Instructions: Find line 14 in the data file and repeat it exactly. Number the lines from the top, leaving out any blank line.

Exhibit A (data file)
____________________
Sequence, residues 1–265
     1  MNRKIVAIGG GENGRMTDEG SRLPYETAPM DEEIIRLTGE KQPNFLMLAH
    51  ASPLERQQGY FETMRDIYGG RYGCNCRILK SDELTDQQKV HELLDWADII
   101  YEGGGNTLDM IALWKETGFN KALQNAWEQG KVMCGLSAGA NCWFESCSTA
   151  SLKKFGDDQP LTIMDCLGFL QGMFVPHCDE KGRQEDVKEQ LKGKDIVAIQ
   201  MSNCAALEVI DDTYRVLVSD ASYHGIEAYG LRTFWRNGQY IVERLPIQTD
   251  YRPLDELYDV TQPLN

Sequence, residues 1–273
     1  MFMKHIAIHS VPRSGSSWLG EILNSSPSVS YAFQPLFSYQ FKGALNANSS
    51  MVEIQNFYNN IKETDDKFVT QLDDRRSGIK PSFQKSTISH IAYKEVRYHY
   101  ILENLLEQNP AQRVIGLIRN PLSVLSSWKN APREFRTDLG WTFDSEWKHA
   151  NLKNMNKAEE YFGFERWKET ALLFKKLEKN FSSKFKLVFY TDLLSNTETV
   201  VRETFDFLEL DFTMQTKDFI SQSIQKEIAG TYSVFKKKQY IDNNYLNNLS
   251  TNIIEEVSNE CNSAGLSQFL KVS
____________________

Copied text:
   251  TNIIEEVSNE CNSAGLSQFL KVS